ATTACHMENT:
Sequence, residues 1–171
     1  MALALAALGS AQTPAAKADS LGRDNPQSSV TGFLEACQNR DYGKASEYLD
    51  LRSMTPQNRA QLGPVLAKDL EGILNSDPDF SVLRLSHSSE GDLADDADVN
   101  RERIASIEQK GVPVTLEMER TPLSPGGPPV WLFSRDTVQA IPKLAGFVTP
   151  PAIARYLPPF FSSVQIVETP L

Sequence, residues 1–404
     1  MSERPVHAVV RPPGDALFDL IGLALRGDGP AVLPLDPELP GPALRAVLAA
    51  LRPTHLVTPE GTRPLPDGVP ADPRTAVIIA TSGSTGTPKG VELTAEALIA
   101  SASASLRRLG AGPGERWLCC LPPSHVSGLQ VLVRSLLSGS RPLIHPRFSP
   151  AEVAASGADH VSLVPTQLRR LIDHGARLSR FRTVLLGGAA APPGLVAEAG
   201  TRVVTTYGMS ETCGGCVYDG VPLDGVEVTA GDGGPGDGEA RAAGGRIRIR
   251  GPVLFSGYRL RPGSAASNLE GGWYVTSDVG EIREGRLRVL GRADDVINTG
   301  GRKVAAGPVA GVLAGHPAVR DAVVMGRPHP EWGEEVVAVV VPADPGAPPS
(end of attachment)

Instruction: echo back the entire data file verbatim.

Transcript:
Sequence, residues 1–171
     1  MALALAALGS AQTPAAKADS LGRDNPQSSV TGFLEACQNR DYGKASEYLD
    51  LRSMTPQNRA QLGPVLAKDL EGILNSDPDF SVLRLSHSSE GDLADDADVN
   101  RERIASIEQK GVPVTLEMER TPLSPGGPPV WLFSRDTVQA IPKLAGFVTP
   151  PAIARYLPPF FSSVQIVETP L

Sequence, residues 1–404
     1  MSERPVHAVV RPPGDALFDL IGLALRGDGP AVLPLDPELP GPALRAVLAA
    51  LRPTHLVTPE GTRPLPDGVP ADPRTAVIIA TSGSTGTPKG VELTAEALIA
   101  SASASLRRLG AGPGERWLCC LPPSHVSGLQ VLVRSLLSGS RPLIHPRFSP
   151  AEVAASGADH VSLVPTQLRR LIDHGARLSR FRTVLLGGAA APPGLVAEAG
   201  TRVVTTYGMS ETCGGCVYDG VPLDGVEVTA GDGGPGDGEA RAAGGRIRIR
   251  GPVLFSGYRL RPGSAASNLE GGWYVTSDVG EIREGRLRVL GRADDVINTG
   301  GRKVAAGPVA GVLAGHPAVR DAVVMGRPHP EWGEEVVAVV VPADPGAPPS